Annmarie and I had been talking about my to do list for Saturday and I stated that the sheep really need to start going on the back hillside but with all the little lambs we thought there should be a bridge. I reminded her that the old bridge from the momma baby area had floated down into the orchard pasture and I could get it and drag it around with the tractor. We knew both the mommas and baby’s would use it as they did in the other enclosure. All I had to do was drive the tractor over, pick it up and drive it around and toss it over the water. I ended up digging out a place for our new gate in the front fence. I just need to bring in some gravel for it now and then dig one post. Once the post is in place I will support it back to the rock crib with 2×6 boards. We need a way to get the cows/sheep from the orchard into the corral easily and through the front yard hillside is a straight shot. We have fence and gates everywhere and I keep putting more in but it is finally to the point where we can start separating fields and animals pretty easily. Since the bull still managed to impregnate one of our cows through the bull enclosure fence the two fence rule is essential if we don’t want someone to get pregnant.
I did load the bridge onto the tractor and went around the barn lot. I made a stop to try and mess with a piece of culvert to use as a down spout so the water will quit digging a channel but the culvert was too heavy to hold up and then try and rearrange rocks under it. I tried a few times and then just gave up, I am going to have to have help to fix that problem. When I got to the old spring culvert crossing I dumped the bridge off of the tractor bucket and went down into the spring to move some rocks. I want the banks of the spring to dry out so I need to stop all backed up water. I removed about 12 rocks out of the stream flow to let it flow easier. Since I was there I started to dig out the footings for the Rastra with the tractor. I did that on both side of the 16’ gate. The culvert is 20’ long so I am going to set the Rastra 18’ apart and it is about 8” wide so the culvert will stick out a few inches on both ends. I used the extra dirt to build up the berm alongside the fence. I need to get that berm up about two feet so the back spring runoff cannot flood the barn lot again. Once that was done I did go put the bridge in place but it is only eight feet long and there was only a couple of places that it could bridge the gap. I placed it and hoped for the best.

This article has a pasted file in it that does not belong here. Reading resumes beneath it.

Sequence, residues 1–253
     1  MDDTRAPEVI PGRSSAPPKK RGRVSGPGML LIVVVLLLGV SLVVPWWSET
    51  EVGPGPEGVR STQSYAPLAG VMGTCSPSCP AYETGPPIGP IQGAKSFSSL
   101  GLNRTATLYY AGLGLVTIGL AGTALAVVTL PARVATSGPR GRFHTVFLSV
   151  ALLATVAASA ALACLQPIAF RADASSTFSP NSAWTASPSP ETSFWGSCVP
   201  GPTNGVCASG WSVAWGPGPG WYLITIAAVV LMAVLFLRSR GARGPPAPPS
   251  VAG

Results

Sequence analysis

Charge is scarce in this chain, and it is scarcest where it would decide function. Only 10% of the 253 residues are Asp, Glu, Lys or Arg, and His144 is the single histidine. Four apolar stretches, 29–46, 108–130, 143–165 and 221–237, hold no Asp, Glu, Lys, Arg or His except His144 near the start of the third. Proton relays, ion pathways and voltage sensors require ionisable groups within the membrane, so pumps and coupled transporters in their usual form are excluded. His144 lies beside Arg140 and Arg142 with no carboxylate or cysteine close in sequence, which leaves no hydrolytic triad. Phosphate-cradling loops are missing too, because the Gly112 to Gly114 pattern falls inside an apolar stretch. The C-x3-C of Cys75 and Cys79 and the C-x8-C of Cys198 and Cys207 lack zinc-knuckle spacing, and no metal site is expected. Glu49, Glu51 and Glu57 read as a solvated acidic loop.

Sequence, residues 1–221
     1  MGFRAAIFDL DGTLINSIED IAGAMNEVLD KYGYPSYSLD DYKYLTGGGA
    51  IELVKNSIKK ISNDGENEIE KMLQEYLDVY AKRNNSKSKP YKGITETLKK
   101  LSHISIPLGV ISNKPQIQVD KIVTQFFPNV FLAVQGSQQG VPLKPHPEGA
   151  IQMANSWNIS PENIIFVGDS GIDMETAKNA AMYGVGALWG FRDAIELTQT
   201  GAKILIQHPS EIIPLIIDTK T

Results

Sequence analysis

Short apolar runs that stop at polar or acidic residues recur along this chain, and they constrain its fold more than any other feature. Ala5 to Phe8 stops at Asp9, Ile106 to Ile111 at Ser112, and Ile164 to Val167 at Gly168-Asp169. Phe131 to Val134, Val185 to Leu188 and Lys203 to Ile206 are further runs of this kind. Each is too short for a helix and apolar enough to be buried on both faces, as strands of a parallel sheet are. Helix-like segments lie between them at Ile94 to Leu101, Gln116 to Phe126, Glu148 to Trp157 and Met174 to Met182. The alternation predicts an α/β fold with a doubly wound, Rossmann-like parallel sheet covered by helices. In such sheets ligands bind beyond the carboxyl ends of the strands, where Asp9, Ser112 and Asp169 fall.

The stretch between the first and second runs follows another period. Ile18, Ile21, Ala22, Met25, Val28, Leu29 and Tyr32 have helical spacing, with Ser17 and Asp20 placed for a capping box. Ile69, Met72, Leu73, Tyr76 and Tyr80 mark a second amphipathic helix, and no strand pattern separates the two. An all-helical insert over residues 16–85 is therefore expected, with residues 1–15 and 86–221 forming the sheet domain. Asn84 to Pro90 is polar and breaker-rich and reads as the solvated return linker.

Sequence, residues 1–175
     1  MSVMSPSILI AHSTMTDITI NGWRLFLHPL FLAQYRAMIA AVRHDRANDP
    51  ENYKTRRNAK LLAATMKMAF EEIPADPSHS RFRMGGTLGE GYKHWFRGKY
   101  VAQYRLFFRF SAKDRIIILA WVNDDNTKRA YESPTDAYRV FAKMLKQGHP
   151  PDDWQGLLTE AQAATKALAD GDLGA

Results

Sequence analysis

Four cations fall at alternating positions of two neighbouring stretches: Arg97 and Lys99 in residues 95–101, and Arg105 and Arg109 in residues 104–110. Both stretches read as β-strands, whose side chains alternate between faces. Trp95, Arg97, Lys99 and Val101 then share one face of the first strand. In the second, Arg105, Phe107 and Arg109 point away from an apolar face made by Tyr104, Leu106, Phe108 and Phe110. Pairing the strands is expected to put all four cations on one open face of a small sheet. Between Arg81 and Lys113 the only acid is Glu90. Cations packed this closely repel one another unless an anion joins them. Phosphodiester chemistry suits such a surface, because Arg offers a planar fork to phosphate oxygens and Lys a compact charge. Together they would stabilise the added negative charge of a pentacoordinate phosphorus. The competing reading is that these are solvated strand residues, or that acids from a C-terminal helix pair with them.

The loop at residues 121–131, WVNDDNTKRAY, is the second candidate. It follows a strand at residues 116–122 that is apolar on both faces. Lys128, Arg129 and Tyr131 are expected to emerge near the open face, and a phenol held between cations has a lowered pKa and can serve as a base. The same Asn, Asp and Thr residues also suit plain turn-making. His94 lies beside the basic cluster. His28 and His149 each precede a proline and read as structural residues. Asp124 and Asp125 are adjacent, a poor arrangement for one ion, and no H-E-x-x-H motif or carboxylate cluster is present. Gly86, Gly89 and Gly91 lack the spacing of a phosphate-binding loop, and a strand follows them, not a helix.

Before I could let the sheep onto the back hillside I needed to make the rounds of the fence. I walked the entire length of the outer fence. I had to fix about six spots that were guaranteed to let the sheep out. Now just because I have fixed those spots it does not mean the sheep are contained. Honestly, they always seem to find a way out eventually. A couple of hours later I did spot the sheep on the back hillside.
The bridge location was less than ideal so I told Annmarie I should build another bridge. I have a lot of scrap lumber I purchased last year as a lot, it was made up of old discarded, broken or twisted lumber. I got a great price and they delivered it! I took a fairly twisted pressure treated 6×6 that was 20’ long and cut it in half and cut two foot sections of 2×6 lumber as decking, moved it all over to the creek with the tractor and found a crossing near where they normally cross. I could not install it on the angle they like because I would need about another 5’ to bridge the gap on a diagonal. I figured it was close enough. Annmarie fed me the pieces and since I am out of 3” screws I just did it the old fashioned way with long nails. I like to fence with a shingle axe. This tends to make people nervous when I am hammering in stuff with an axe and Annmarie was no exception when she had to stand on the boards. I did not hit her or me. It only took about an hour from start to finish and the bridge is absolutely solid!! I think if I lift it another ten inches on each end the spring runoff wont even touch it. I may have to make a little ramp for the lambs to get onto it. That can wait until later in the summer. Annmarie and I both appreciate it, much easier than climbing down into the stream bed and back out the other side. My twenty minutes outside project took me about four hours total!